Schreiber continued: And so through the lens of the protagonist, obviously the things that he does come off as bad, and they piss us off because they're making life difficult for Andy. But in reality, Neal is only behaving as an effective prosecutor. He's doing his job in being a good prosecutor, and going as hard as he can for the conviction of the person who he believes is guilty of the crime."
"As an audience, watching this happen is painful and it's frustrating. We dislike the character because he's getting in the way of our protagonist, but through the lens of Neal, he's not doing anything wrong. And ultimately in episode eight, when we realize why he's doing what he's doing in the Supreme court hearing that's been happening throughout the season, we should be left questioning why we hated him so much."
The Andy vs Neal confrontation
"It serves a very specific purpose," Schreiber remarked. "He's hitting Andy where he's the weakest, and he knows Andy has been questioning this idea of his father as a murderer and whether this will come up in the trial. He knows that this is a concern of Andy's. And so he brings it up in order to get a rise out of Andy, hoping that he will do exactly what he does. And when he does, he ended up using this against him in court."
"Again, it's an example of having a good prosecutor doing his job. It doesn't win any style points. It doesn't make us like him anymore. But in the context of being a prosecutor and trying to convict the person who you firmly believe committed the crime. It's very consistent in doing your job well.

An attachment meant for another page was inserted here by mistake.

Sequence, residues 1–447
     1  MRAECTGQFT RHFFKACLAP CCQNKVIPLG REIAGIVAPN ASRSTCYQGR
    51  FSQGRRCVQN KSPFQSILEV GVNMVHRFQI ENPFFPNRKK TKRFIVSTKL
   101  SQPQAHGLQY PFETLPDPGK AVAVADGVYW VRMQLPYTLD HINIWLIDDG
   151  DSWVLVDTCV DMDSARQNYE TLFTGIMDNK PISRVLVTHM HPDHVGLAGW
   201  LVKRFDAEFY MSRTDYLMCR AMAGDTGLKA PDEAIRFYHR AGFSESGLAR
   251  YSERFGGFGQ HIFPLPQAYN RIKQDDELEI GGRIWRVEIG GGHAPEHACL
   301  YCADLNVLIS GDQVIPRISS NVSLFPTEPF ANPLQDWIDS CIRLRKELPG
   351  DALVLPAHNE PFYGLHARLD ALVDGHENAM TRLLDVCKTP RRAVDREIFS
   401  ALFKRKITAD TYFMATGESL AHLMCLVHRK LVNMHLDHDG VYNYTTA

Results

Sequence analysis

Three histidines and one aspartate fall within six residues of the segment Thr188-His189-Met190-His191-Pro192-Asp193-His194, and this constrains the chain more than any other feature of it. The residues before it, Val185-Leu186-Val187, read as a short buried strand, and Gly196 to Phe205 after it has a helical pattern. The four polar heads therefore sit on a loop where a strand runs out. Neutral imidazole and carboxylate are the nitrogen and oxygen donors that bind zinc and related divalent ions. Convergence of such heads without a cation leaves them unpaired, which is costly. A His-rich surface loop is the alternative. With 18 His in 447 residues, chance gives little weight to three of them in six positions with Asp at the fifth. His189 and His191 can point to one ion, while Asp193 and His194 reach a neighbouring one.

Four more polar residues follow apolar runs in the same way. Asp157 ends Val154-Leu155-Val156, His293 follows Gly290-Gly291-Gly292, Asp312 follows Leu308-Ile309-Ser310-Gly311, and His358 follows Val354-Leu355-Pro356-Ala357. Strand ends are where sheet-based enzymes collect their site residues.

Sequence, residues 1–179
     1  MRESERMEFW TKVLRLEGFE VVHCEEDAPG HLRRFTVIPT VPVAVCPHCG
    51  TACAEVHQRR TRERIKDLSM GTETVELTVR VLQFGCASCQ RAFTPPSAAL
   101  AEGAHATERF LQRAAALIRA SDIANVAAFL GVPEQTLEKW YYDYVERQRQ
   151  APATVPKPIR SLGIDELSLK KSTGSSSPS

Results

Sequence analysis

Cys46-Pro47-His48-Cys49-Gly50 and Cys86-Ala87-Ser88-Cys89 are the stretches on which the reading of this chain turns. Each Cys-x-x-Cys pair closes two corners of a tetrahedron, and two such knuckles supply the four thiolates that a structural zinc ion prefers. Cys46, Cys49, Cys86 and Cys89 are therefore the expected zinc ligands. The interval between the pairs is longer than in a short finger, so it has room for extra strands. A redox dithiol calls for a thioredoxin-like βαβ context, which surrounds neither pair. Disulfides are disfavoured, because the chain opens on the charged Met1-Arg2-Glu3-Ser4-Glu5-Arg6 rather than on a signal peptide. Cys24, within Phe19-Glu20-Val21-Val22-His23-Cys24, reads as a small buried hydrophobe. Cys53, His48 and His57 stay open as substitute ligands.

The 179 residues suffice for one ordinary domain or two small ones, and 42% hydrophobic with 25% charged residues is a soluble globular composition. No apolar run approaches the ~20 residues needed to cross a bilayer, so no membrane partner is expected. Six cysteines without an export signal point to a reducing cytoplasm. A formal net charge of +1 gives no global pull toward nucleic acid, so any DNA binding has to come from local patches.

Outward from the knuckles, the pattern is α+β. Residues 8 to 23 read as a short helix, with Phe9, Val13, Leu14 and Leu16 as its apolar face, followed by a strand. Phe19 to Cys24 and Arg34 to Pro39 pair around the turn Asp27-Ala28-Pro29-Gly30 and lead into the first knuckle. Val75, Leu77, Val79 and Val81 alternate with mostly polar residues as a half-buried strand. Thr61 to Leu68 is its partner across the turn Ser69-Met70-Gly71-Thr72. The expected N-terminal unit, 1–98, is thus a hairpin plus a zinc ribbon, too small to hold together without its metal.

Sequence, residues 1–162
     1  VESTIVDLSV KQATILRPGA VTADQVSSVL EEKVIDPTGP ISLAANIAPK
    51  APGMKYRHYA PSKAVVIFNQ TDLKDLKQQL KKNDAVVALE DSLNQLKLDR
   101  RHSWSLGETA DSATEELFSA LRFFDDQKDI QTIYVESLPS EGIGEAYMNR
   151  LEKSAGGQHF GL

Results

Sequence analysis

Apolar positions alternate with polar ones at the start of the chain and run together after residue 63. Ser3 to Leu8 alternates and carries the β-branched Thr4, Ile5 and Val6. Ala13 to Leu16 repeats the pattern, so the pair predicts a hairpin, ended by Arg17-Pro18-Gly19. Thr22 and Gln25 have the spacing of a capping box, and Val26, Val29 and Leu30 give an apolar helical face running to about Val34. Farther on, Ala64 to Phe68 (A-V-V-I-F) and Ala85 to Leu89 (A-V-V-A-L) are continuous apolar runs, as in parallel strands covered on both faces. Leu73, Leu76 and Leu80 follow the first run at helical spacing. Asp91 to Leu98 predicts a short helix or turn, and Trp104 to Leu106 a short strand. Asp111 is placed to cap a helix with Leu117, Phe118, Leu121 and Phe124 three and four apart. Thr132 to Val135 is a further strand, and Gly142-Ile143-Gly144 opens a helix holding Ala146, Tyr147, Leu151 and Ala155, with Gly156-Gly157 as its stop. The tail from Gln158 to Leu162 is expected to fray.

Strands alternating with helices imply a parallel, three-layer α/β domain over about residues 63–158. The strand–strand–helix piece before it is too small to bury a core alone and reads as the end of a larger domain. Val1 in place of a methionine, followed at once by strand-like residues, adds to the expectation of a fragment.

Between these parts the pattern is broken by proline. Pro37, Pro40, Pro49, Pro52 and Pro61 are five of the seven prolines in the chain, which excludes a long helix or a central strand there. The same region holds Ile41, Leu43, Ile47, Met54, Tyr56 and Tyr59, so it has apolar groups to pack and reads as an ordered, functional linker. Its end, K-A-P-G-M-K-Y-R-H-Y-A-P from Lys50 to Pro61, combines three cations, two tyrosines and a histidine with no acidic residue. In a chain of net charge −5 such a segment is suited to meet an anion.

Our conversation next was about what to look forward to as the penultimate episode draws closer. "Expect the unexpected," comes as a quick reply. "Don't get comfortable," he added. Schreiber watched the series in one go as opposed to the world who waits for an episode every week. "I knew what happened, but as I was watching it, I don't feel like I comfortably could have said whether or not, Jacob had actually committed the crime. And I don't think I could have said comfortably who did either," he said.
"I think as an audience, you probably aren't feeling comfortable about either of those things. And I don't think you should expect to feel comfortable in the last two episodes. I think you should expect to have your expectations completely upturned."
Schreiber was generous in his praise for his co-stars. "It was fantastic," he says when asked about working alongside Evans, Martell, and Dockery. "Most of my work was with Chris and I believe he's done really phenomenal work in this series," he praised. "He's such a comfortable and compelling presence in this, that he really fills the role of, of the gravitational center of this series."
"You want to follow him, you want to know what's going to happen to his character. And I was really proud of the work that he did and blown away by it."
"Jaeden Martell does such a phenomenal job as Jacob in really doing very little, and letting our expectations of him constantly shift. He has such an open face that's open to so much interpretation. He can come off as completely innocent one moment, and terribly menacing the next without doing almost anything, which is such amazing quality," the actor felt.
"A lot of my work was with Cherry Jones, who I respect so much as an actress. She's such a classic theater actress that I've watched since I had moved to New York and started doing theater. To to get to do those courtroom scenes with her was an incredible honor actually."
Schreiber will be seen in Showtime's 'Halo' next. Currently, the outbreak of the Coronavirus pandemic has paused the filming of the first season.